Are you selling products that have a functionality that needs to be explained in detail? To describe all the facets of your products, use product guides and catalogs, which can be downloaded on your website. That way, you can easily nurture your prospects while providing them with the information they want.

Product Catalog

Product Catalog
(Image Source: Littlefuse[60])

When to Use a Product Guide/Catalog

You should create a product guide/catalog if you’re selling multiple products. That way, your customers get a comprehensive overview of all listed products.

How to Create a Product Guide/Catalog

Making a product catalog is hard work, but it often pays off. In the beginning, start gathering the information you want to include in your catalog. Afterwards, decide on a format, and start designing it by using tools like Catalog Machine.[61][62]

💻 Reviewing product catalogs can take a lot of time and back and forth. Speed up the approval process[63] dramatically by using a feedback tool such as Filestage[64].

19. Testimonials and Reviews

Hopefully, some of your customers really love your product or service. You should try to get testimonials from them.

Nowadays, prospects don’t usually want to hear what you have to say about your product. Instead, they want to hear what other customers say about it[65]. So you’ll have to proactively ask for testimonials.

But there is another source of opinions about your products: online reviews. You can use positive reviews from Google or Yelp on your website.


(Image Source: mHelpdesk[66])

When to Use a Testimonials and Reviews

You can put testimonials and reviews directly on your website, or you can combine them with other marketing collateral, such as flyers or landing pages. Remember, trustworthy testimonials and reviews always look good, and they’re good ways to convince prospects of your expertise.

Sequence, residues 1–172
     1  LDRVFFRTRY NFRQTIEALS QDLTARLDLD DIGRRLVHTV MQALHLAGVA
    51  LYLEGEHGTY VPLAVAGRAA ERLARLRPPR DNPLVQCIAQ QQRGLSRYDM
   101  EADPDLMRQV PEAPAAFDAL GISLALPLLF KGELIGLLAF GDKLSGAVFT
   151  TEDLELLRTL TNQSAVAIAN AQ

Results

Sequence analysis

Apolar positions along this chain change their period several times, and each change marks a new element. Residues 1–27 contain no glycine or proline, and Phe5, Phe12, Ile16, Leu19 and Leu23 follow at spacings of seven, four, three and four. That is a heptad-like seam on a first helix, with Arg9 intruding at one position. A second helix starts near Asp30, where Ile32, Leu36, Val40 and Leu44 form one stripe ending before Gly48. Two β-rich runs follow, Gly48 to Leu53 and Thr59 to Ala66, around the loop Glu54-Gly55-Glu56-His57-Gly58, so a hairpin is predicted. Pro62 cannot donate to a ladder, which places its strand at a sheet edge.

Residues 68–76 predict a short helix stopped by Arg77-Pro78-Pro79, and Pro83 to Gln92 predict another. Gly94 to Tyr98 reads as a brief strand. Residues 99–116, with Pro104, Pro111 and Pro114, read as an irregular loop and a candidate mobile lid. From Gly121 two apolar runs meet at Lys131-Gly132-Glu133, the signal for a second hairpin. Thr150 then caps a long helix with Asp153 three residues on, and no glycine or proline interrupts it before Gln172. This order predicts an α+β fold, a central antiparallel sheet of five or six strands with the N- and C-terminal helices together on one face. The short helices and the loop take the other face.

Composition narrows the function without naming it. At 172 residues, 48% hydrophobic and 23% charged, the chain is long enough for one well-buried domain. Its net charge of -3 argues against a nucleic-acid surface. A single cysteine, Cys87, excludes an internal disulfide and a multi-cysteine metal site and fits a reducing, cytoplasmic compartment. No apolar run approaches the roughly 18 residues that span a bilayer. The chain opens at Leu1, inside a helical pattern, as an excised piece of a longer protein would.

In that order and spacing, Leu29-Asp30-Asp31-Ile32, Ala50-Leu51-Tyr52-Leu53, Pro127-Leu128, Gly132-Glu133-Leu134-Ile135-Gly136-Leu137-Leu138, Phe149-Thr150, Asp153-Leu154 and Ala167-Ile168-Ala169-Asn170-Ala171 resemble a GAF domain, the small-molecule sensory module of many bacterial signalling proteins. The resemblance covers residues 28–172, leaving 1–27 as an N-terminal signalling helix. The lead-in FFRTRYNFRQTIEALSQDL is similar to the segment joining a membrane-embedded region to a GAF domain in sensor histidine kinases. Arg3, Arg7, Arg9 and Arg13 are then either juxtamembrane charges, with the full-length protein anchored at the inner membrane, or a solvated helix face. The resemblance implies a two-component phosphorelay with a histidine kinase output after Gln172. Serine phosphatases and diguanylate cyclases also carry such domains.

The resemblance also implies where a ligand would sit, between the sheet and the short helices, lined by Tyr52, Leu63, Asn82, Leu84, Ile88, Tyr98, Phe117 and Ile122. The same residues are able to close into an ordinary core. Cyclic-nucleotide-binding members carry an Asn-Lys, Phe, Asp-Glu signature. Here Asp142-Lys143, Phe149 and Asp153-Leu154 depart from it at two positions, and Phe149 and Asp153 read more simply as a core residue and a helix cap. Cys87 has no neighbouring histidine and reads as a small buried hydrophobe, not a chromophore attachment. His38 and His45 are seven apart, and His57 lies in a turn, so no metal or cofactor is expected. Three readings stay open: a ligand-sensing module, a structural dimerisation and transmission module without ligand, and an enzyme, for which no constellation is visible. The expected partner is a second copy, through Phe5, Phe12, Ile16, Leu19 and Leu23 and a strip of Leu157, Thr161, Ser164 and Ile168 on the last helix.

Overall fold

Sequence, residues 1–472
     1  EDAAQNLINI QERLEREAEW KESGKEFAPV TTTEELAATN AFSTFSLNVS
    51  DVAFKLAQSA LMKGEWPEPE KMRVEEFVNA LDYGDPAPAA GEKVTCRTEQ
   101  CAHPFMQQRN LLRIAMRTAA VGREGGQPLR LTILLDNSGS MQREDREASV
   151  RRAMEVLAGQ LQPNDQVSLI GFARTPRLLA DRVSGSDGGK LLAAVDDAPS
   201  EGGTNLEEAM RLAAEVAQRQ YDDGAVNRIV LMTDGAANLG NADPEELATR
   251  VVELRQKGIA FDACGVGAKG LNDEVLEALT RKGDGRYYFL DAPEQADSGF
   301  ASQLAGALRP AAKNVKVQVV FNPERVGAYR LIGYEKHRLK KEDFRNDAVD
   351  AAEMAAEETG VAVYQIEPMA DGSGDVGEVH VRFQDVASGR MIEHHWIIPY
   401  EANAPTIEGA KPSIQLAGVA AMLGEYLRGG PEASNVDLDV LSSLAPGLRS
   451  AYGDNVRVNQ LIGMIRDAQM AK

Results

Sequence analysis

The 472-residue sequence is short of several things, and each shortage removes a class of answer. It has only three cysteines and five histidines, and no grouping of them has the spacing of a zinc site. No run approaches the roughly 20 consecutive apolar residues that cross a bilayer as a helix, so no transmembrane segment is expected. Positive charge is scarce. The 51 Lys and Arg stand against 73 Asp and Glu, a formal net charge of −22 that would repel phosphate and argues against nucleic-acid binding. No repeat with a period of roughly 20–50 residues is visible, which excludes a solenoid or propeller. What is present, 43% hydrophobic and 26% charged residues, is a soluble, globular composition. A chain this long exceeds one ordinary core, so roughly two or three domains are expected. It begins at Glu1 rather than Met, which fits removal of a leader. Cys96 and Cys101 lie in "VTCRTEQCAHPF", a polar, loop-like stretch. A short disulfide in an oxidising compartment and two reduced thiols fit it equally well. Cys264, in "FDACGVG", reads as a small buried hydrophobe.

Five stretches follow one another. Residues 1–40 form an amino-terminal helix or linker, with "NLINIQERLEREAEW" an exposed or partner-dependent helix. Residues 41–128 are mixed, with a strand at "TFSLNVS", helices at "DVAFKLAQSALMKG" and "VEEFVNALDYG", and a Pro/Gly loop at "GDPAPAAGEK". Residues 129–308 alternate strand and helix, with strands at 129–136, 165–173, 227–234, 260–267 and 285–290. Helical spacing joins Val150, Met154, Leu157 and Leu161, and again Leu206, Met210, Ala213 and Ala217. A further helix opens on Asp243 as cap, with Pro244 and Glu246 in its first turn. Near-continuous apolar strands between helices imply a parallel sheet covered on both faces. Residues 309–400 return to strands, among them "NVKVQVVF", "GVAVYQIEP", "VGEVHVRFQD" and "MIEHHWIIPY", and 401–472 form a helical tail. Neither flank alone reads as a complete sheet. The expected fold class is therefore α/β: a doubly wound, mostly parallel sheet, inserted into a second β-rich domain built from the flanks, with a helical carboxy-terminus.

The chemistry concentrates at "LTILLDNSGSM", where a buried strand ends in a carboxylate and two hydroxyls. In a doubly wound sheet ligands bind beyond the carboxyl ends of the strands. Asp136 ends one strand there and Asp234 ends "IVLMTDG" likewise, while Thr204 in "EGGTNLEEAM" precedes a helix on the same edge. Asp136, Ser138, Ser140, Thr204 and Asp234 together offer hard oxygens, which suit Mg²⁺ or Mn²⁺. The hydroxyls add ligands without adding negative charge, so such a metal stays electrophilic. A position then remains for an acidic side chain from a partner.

How to Create a Testimonials and Reviews?

Directly reach out to your happiest customers, and ask them for testimonials. You can also use incentives to motivate them. In addition, you can use reviews from Google or Facebook, and add them to your website. Interestingly, they don’t always have to be positive. Examples like this unual review[69] also showed that even negative reviews can create buzz. [67][68]

The most important marketing collateral today is social proof, specifically in the form of online reviews. Online reviews are one of the most effective forms of social proof because consumers check online reviews when researching a business. Consumers want to know what the experience at a business is like for other customers. So if a customer writes, the service here is terrible, in a review, then that is going to affect this consumer who is researching the business on whether or not to visit the particular restaurant. 

The evidence that online reviews are a powerful form of social proof comes from our 2018 Online Reviews Survey. According to the survey, 63.6 percent of consumers say they are likely to read online reviews on Google before a visiting a business. That’s more than any other review site. In addition, negative reviews actually drive consumers away — 94 percent of consumers say an online review has convinced them to avoid a business.